Oh, that’s good. I’ll write that down.
I can’t see that ever happening.
Is this author serious? That’s not realistic.
Or maybe it is for other kids, just not mine.
Or worse. Maybe it is for other moms, just not me.
She’s up!! Crap. I forgot to set up a new activity for her. Oh well. I’ll just wing it. We go downstairs and I set her up with a few empty containers and jars with lids. She loves them! Independent-play win. YUSSS.
“Charley, can you set the table for dinner? “I say. I get down to her level and explain to her to put the placemats on the table. Then, the plates, then the forks. Ugh. That was probably too much information at once. And now I’m wondering, have I ever taken the time to explain exactly how to do that?
She gets the placemats out. All eight of them. I explain to her that we only need two, and to put the others back in the drawer. Next, the plates. This time, I have a pile of clean plates for her ready in her drawer. Of course, that means she takes all three plates out, puts her feet in two of them, and throws the other on the floor. I calmly explain to her that the plates are for eating, not stepping in. I wash the plates, then leave them in the drying rack so she can’t try to use them as footwear again.
I pick her up to her chair at the kitchen table. We sit, we eat, she plays with her food, and turns her fork into a scraping device for our table. I try not to comment on her eating habits, how good the food is, and if she is going to eat those delicious parsnips I spent so much time cutting up into small pieces. I want to make sure she doesn’t feel any pressure, and that she’ll eat if she’s hungry, stop when she’s full.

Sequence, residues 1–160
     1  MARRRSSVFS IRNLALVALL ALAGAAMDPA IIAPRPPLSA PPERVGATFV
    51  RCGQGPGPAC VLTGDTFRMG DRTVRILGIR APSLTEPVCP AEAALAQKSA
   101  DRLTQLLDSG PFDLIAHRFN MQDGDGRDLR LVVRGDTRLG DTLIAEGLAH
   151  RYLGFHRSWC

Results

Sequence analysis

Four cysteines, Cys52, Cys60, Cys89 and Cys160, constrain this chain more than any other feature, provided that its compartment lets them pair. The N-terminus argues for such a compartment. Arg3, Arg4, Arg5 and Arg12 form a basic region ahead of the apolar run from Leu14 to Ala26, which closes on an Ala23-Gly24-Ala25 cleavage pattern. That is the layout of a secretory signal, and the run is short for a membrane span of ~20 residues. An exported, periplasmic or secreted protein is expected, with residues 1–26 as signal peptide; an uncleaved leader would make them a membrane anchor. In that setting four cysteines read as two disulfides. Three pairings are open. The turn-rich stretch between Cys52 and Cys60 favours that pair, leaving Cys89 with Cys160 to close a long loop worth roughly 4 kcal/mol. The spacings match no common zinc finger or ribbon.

“All done!” she says and signs. We’re in the home stretch. From here, I set her up with a big bottle of milk (yes, bottle, not cup, not glass) and start cleaning the kitchen. She “helps me” sweep with her adorable Melissa & Doug broom and dustpan. But it’s more of a matter of keeping her busy rather than actually accomplishing any sweeping.
We play a little longer, then it’s time for bed. After our usual power struggle, I get her to her stool at the sink for teeth-brushing time. To keep her there, I turn on Boo, our stuffed toy elephant — an unrealistic portrayal of an animal and one that sings, making it a passive toy. Ugh, the shame.
We change into her PJs. I try to let her help, but honestly, at this point, I just want to get this show on the road. She picks out her books (hey, there’s some independence), we snuggle up, and read. Lights out, a song and a slow dance, and in to the bed she goes. “Nigh Nigh!” she says, followed by a kiss-blow. My heart melts.
Another day in the books of a thousand failures and about three and a half wins. I think I can do better tomorrow. I just have to try harder. And remember — there was a time when she refused to push in her chair, insisted on throwing food during meals, and wouldn’t touch anything that implied the word “clean up.” So I must be doing something right. Right?